It’s Mother’s Day Not Mothers Day.
It was in the eyes of Anna M. Reeves Jarvis a day that you would take time from your busy schedule to call, go home, perhaps do something together. Spend time with your mom, show her how much you love her and to thank mom for her unconditional love.
It wasn’t to celebrate ALL mothers, just YOUR mother. Anna Jarvis stressed the singular “Mother’s Day” rather than the plural form “Mothers Day”.
It was Anne Reeves Jarvis (Anna’s mother) a school teacher and wife of a prominent Methodist minister who started a different concept of Mother’s Day. Anne was a women’s event organizer in Grafton, West Virginia. She was concerned about mother’s and their children. She wanted to help improve sanitary conditions and lower infant mortality by fighting disease and curbing milk contamination. She started “Mother’s Day Work Clubs” to teach moms and mom’s to be how to care for their children and keep them healthy.
Anne’s groups also tended to wounded soldiers on both sides of the American Civil War from 1861-1865.
Some historians say for awhile, Mothers Day was a day for mothers to mourn the lost of their sons during the Civil War.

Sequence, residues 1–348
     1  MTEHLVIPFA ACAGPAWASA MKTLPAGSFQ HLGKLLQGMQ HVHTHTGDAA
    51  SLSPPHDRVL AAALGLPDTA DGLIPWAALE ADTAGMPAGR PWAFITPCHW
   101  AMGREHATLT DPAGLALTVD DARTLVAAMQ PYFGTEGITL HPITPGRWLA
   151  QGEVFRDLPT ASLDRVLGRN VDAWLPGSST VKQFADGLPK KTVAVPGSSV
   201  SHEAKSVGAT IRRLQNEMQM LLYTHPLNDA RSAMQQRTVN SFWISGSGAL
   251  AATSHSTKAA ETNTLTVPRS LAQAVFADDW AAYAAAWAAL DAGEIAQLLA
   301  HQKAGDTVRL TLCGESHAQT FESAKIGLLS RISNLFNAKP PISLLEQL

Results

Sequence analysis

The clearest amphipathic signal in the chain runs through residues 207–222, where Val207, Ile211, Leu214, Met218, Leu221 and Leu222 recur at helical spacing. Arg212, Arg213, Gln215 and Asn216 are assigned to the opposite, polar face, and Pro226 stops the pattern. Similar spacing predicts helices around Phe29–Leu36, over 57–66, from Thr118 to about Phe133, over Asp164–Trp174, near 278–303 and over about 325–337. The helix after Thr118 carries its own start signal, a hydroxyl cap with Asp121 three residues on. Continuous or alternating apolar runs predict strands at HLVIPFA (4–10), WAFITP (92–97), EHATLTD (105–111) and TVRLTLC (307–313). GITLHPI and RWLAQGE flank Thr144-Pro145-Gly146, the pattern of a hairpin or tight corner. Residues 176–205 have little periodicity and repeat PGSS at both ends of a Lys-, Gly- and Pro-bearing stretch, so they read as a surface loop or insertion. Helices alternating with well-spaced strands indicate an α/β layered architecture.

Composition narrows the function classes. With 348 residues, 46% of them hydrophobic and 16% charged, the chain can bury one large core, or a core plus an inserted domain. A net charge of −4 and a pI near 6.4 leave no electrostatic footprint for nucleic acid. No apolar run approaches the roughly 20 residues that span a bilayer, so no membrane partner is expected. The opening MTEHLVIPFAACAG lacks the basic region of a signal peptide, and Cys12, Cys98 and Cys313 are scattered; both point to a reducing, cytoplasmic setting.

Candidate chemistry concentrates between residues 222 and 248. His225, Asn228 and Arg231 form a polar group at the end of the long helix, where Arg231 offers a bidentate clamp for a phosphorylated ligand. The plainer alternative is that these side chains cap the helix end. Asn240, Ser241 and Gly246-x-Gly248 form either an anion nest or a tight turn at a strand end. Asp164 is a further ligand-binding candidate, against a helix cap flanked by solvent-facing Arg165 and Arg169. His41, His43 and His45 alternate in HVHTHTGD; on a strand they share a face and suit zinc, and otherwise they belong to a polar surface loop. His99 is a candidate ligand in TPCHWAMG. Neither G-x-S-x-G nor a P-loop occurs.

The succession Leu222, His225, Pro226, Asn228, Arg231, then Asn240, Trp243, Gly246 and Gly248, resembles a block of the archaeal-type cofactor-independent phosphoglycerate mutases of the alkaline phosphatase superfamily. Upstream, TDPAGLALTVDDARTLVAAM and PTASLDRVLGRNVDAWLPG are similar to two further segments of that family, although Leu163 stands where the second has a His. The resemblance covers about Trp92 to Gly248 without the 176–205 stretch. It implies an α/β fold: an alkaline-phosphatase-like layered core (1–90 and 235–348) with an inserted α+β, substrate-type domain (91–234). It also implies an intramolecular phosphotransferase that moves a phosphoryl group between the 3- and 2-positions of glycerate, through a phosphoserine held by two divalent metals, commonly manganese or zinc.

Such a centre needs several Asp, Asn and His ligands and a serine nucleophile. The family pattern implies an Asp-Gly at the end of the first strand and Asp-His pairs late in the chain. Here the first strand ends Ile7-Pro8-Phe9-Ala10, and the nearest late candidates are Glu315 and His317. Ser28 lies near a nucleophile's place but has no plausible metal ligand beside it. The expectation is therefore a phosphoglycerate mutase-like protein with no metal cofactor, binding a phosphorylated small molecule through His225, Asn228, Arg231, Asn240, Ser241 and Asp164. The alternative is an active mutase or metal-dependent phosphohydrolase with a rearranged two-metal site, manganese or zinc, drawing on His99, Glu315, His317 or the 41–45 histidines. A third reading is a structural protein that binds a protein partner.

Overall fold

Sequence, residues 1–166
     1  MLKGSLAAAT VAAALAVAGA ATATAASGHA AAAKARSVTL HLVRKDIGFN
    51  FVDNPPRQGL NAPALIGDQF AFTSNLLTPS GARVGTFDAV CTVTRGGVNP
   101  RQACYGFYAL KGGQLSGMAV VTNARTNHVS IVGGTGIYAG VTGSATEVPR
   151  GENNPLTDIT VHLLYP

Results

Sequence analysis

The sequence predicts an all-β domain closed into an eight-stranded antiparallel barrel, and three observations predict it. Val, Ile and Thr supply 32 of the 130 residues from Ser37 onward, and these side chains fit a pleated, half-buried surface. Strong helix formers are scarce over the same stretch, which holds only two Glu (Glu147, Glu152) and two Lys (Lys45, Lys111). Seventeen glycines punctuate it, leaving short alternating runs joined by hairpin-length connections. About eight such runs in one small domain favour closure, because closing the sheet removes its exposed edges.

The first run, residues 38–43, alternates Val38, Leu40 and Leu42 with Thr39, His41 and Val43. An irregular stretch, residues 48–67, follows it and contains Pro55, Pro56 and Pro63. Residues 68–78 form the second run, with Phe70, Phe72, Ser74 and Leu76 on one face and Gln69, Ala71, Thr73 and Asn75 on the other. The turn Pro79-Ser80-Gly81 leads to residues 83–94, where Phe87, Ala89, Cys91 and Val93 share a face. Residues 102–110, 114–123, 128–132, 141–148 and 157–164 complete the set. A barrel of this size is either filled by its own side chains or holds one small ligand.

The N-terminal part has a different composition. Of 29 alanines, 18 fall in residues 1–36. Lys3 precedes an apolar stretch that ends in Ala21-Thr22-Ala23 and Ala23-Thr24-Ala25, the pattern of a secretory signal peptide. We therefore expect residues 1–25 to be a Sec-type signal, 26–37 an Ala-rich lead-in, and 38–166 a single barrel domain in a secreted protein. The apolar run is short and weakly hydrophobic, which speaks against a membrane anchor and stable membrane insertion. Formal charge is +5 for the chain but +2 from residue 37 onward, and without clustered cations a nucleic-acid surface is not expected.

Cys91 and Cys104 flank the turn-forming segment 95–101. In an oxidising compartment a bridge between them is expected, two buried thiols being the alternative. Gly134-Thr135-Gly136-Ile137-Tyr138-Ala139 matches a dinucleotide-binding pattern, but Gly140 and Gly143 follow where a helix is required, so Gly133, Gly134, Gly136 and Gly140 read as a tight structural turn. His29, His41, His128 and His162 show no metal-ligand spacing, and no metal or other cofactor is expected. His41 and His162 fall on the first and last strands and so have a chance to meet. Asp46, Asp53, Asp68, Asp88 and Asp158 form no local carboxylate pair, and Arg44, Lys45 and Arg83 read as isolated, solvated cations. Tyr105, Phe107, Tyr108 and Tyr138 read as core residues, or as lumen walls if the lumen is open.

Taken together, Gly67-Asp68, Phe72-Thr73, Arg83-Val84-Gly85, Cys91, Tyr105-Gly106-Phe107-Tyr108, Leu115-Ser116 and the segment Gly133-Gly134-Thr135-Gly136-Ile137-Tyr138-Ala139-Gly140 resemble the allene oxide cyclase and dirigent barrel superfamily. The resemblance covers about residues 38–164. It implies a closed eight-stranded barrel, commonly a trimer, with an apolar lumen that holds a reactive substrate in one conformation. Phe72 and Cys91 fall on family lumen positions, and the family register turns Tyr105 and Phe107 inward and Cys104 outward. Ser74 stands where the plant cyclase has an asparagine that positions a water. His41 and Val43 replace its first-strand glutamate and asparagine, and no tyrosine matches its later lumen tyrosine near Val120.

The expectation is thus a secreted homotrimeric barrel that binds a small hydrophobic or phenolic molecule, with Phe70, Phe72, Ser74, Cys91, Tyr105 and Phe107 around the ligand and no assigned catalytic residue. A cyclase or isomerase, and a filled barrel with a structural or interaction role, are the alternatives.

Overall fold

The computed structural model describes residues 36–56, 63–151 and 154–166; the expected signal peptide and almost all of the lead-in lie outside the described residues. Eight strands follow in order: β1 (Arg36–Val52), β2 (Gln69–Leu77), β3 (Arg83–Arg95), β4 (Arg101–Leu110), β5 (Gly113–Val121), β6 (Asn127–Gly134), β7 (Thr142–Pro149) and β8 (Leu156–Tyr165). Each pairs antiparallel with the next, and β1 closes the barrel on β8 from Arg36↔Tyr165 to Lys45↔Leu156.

Anne also held ‘Mother’s Day Picnics’ to bring embattled soldiers together in peace.
Anna Jarvis created what we identify today as Mother’s Day. Anna never had children of her own. She wanted to celebrate her mother Anne who died in 1905. Anna organized events that same year on May 10th in both her hometown church known today as the International Mother’s Day Shrine and in Philadelphia where she lived at the time. Anna organized several other celebrations in other American cities until it grew to the point that in 1914 then U.S President Woodrow Wilson proclaimed the second Sunday in May to be forever observed as “Mother’s Day”.
Anna’s ‘Mother’s Day’ dream would quickly become a nightmare, something that deeply disturbed Anne Jarvis was that it became a commercial goldmine centering on buying flowers, candies and greeting cards. Anna armed with a sizable inheritance dedicated herself to fighting this corporate greed. She established herself as the Mother’s Day International Association and organized boycotts, threatened lawsuits and even crashed conventions. Anna died in 1948 at 84 years old in Philadelphia with a form of dementia, blind and penniless.
Her last public sentiments were, “She was sorry she ever started Mothers Day”.
At the time of Anna’s death 40 countries observed Mother’s Day. Today that number now exceeds 70. Canada, one of the first countries in 1909 to observe Mother’s Day added emphases on doing chores and cooking for mom.
Many countries around the world also observe something called ‘Mothering Sunday’. It is a mid-Lent holiday that honors the Mother Church, the home church where they were baptized. The church extended this observation to honor ALL mothers which was first observed during the 1700’s by taking a break from fasting and penitence of Lent by having a family feast.